Antigoni Polychroniadou

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Adaptively secure Multi-Party Computation (MPC) first studied by Canetti, Feige, Goldreich, and Naor in 1996, is a fundamental notion in cryptography. Adaptive security is particularly hard to achieve in settings where arbitrary number of parties can be corrupted and honest parties are not trusted to properly erase their internal state. We did not know how(More)
Inspired by cold boot attacks, Heninger and Shacham (Crypto 2009) initiated the study of the problem of how to recover an RSA private key from a noisy version of that key. They gave an algorithm for the case where some bits of the private key are known with certainty. Their ideas were extended by Henecka, May and Meurer (Crypto 2010) to produce an algorithm(More)
We present a universally composable multiparty computation protocol that is adaptively secure against corruption of n − 1 of the n players. The protocol has a constant number of rounds and communication complexity that depends only on the number of inputs and outputs (and not on the size of the circuit to be computed securely). Such protocols were already(More)
Secure computation in the presence of tamper-proof hardware tokens is proven under the assumption that the holder of the token is only given black-box access to the functionality of the token. Starting with the work of Goldreich and Ostrovsky [GO96], a long series of works studied tamper-proof hardware for realizing two-party functionalities in a variety of(More)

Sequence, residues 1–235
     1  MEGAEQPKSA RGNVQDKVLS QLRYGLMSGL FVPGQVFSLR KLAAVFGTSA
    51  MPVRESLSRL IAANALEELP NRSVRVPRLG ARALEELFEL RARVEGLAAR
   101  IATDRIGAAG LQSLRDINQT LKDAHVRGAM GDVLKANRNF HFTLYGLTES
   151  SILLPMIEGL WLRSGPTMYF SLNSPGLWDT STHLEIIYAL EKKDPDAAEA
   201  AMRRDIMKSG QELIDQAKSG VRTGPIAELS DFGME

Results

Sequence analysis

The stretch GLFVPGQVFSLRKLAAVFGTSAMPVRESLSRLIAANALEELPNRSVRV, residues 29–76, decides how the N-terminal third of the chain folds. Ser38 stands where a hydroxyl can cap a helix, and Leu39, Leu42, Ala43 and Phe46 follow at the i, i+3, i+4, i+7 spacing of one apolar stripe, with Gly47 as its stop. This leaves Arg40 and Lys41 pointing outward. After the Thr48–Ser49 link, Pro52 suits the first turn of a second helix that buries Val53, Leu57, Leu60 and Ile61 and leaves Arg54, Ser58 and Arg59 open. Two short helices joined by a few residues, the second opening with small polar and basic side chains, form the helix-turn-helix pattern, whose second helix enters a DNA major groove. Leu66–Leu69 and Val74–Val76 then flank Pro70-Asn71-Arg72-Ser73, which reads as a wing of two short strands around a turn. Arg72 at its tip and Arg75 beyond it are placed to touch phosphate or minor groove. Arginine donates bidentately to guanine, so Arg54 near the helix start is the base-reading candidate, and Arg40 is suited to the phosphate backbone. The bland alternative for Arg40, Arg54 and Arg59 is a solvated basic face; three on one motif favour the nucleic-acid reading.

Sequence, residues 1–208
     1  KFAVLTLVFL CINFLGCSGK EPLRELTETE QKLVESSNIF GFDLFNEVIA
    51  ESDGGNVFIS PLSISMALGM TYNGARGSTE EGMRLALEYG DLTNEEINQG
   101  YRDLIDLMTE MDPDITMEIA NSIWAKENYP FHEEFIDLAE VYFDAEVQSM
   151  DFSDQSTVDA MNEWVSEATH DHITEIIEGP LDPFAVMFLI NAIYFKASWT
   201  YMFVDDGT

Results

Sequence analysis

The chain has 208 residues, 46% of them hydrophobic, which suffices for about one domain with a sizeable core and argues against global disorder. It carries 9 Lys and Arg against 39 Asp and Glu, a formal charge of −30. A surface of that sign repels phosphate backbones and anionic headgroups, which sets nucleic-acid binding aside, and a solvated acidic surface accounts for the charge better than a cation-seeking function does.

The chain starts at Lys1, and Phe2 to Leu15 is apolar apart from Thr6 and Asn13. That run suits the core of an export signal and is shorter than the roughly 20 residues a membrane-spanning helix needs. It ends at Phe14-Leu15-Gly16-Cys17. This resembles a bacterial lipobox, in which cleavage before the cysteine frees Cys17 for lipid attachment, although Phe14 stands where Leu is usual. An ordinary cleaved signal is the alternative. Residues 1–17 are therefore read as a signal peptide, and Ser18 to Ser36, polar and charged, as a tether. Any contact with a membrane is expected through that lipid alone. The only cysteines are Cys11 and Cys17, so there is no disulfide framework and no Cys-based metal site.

We revisit the exact round complexity of secure computation in the multi-party and twoparty settings. For the special case of two-parties without a simultaneous message exchange channel, this question has been extensively studied and resolved. In particular, Katz and Ostrovsky (CRYPTO ’04) proved that five rounds are necessary and sufficient for securely(More)
Peptides were isolated from the water-soluble fraction of Feta cheese by reversed-phase HPLC in three successive steps. Peptide sequencing was performed by automatic Edman degradation. Most of the peptides originated from alpha s1-casein (CN), especially from the N-terminal half of the molecule. Two peptides originated from the C-terminal domain of beta-CN.(More)
A central problem in cryptography is that of converting protocols that offer security against passive (or semi-honest) adversaries into ones that offer security against active (or malicious) adversaries. This problem has been the topic of a large body of work in the area of secure multiparty computation (MPC). Despite these efforts, there are still big(More)
We put forth a new formulation of tamper-proof hardware in the Global Universal Composable (GUC) framework introduced by Canetti et al. in TCC 2007. Almost all of the previous works rely on the formulation by Katz in Eurocrypt 2007 and this formulation does not fully capture tokens in a concurrent setting. We address these shortcomings by relying on the GUC(More)
Adaptively secure Multi-Party Computation (MPC) is an essential and fundamental notion in cryptography. In this work, we construct Universally Composable (UC) MPC protocols that are adaptively secure against all-but-one corruptions based on LWE. Our protocols have a constant number of rounds and communication complexity dependant only on the length of the(More)
We put forth a new formulation of tamper-proof hardware in the Global Universal Composable framework introduced by Canetti et al. in TCC 2007. In particular, this will allow reasoning about composable security by analyzing only a single instance of the protocol in isolation. Almost all of the previous works rely on the formulation by Katz in Eurocrypt 2007(More)